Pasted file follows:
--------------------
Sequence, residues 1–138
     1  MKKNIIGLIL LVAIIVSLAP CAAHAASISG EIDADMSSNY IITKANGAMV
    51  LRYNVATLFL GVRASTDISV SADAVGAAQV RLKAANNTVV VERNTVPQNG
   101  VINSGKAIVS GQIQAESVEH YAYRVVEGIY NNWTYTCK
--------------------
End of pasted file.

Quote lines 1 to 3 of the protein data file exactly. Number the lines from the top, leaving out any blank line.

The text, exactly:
Sequence, residues 1–138
     1  MKKNIIGLIL LVAIIVSLAP CAAHAASISG EIDADMSSNY IITKANGAMV
    51  LRYNVATLFL GVRASTDISV SADAVGAAQV RLKAANNTVV VERNTVPQNG